About Hearing Loss and Hearing Aids

AudiologyDo you have trouble understanding phone numbers left on your voice mail? Do you have difficulty understanding dialogue on television or in a theater? Or do you get frustrated because a spouse, parent, friend or co-worker simply has trouble hearing you?

Many of our patients report that they suffer - or recognize in loved ones - early signs of hearing loss. Far more people have symptoms but do not discuss them. Hearing loss is a fact of life for many of us, it and can be treated in a number of ways. Here are some questions that are commonly asked at The Ear, Nose and Throat Clinic & Hearing Center:


Approximately 30 million Americans report difficulty hearing, especially those who have operated heavy machinery, been exposed to gunfire, played in a band or even attended a few too many rock concerts. But there are many kinds and degrees of hearing loss, a medical disorder that can be treatable through medication, surgery or through use of devices or rehabilitation.In any case, we encourage you to consult with your physician, nurse practitioner or audiologist as a first step in learning more about your hearing loss. Otolaryngologists, or ear, nose and throat specialists such as Dr. Tedford and Dr. Getnick, are physicians who specialize in treatment of disorders of the ear. You can expect us to diagnose your hearing loss, and determine the next steps for treatment.Often, we will refer you to an audiologist, a certified hearing professional, for an assessment and an audiogram, the test to learn about your ears and determine the degree of your hearing loss. Fortunately, we offer those services in our office: Jon Schee, MS, CCC-A, our staff audiologist, is an expert in evaluating your hearing, and he uses specialized testing equipment and a sound booth to learn more about your particular needs.
After your assessment, you can consult with our entire healthcare team to discuss the appropriate treatment for your hearing loss. Frequently, the best way to improve your hearing will be to consider a hearing aid, an electronic device that amplifies sounds, making it easier overall for you to hear.
Hearing loss is common, but is not considered normal. The questions to ask yourself are: What stresses or strains in your life would be reduced if you could hear better? Are you able to follow conversations? Understand voices over the phone? Recognize the words of your children or grandchildren? Is it hard to talk with people in a public place? Just as there are ways to overcome poor eyesight, there are ways to overcome hearing loss.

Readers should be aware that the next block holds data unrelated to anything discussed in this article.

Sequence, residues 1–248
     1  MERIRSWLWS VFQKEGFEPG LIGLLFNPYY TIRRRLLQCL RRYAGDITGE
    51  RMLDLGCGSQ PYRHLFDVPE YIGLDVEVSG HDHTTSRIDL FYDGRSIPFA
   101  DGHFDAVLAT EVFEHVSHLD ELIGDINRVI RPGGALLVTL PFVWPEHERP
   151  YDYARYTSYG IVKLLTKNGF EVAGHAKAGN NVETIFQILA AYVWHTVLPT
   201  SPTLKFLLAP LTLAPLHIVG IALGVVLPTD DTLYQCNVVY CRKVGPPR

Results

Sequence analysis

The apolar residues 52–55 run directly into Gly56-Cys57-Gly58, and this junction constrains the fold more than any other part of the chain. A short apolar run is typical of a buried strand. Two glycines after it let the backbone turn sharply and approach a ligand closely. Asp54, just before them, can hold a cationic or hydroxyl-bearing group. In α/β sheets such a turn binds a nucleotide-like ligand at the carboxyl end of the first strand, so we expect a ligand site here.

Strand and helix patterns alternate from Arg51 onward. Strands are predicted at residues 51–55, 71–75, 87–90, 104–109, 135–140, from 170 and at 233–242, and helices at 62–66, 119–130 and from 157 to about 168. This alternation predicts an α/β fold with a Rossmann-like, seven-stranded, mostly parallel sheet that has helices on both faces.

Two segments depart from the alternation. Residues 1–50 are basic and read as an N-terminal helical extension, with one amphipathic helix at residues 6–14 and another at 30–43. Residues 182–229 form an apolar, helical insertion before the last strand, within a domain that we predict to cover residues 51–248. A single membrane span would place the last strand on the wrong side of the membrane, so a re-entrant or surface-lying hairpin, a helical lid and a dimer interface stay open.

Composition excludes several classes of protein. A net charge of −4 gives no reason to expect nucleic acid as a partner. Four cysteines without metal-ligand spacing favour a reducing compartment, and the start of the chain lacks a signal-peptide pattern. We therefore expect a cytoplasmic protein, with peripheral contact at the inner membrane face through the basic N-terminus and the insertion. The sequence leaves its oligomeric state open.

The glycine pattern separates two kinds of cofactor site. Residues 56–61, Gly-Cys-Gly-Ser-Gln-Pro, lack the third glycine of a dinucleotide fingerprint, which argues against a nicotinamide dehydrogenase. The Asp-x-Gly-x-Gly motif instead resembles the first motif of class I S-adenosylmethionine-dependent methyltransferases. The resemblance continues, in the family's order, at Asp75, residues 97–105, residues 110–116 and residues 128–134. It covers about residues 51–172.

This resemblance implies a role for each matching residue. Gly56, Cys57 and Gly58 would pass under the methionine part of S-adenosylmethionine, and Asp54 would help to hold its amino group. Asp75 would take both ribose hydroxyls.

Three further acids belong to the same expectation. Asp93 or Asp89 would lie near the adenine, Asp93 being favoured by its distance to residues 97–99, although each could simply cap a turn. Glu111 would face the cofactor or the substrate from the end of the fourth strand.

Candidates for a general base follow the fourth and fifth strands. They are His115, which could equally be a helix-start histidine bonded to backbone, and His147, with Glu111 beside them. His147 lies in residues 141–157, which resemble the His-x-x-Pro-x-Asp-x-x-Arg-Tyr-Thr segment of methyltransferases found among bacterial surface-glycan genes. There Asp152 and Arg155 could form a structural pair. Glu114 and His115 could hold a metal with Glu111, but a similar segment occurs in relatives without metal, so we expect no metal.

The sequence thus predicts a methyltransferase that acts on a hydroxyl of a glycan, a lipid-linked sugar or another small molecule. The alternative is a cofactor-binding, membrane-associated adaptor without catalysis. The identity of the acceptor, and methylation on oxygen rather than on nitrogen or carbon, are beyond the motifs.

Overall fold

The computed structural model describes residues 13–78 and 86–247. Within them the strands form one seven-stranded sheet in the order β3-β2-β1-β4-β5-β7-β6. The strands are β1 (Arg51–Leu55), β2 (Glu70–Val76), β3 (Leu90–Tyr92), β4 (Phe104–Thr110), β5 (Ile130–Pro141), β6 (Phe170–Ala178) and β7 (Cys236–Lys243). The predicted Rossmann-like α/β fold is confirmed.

Perhaps. Hearing loss is often preventable. For that reason we encourage all of our patients to wear protective plugs when they are exposed to loud noises. (We define any noise that causes you to need to raise your voice in conversation as a “loud noise”.) We are pleased to offer free foam earplugs to all our patients. If you will need to use them frequently, you can ask us to fit you for a pair of custom or specialty ear plugs, such as musicians’ plugs, which provide ear protection yet allow music to be heard.
Recent improvements in technology have enabled millions of people to enjoy overall better hearing through hearing aids. Our patients who use these devices report better sound quality, an improved ability to follow and understand conversations in social and work situations, an easier time when watching movies, TV or talking on the phone, and even an improved attitude and outlook on life.There are also fewer stigmas regarding hearing aids. The new generation of aids are smaller and more easily hidden in the ear canal. Many patients can wear a hearing aid that is virtually invisible to the average person. And you won’t have to ask people to repeat themselves as often.The hearing aids available today are better suited to treat hearing loss than ever before. Digital technology has enabled the development of programmable aids that can be effectively customized to better meet your individual hearing needs in different sound environments.
Most of our patients reach a point where their frustration with hearing loss propels them into action. We assist in the process of identifying the loss, learning how it can be treated, and explaining the management options.
Jon Schee, our audiologist, is well qualified to lead you through the process of learning about hearing aid options, purchasing the aid and adjusting it to your personal circumstances. Based on the results of your audiogram and other factors such as the degree of loss and the shape of your ear, he will show you the different kinds of aids, from behind-the-ear aids to those completely hidden in the canal, and make an appropriate recommendation. He'll discuss with you the benefits of one (monaural) or two (binaural) aids to increase your hearing levels. Most importantly, he is trained to make sure the hearing aids fit properly and meet your specific needs.
An adjustment period of up to a year is typical for many of our patients. For that reason, we follow up with new hearing aid users regularly. The aids are finely-tuned devices that have a profound effect on users. For example, many of our patients report hearing sounds they never heard before. It takes them some time to adjust to the new high or low frequencies that are added to their hearing range. In any case, we welcome return visits from our patients to assess progress, monitor changes or answer questions.

The Ear, Nose and Throat Clinic & Hearing Center staff are available to answer any questions regarding your hearing. If you would like more information, or have specific questions about hearing loss or hearing aids, please contact us at 952-832-5252.

The Ear, Nose and Throat Clinic & Hearing Center
7300 France Avenue South, Suite 420  •  Edina, Minnesota 55435  •  Phone: 952-252-6552  •  Fax: 952-548-5254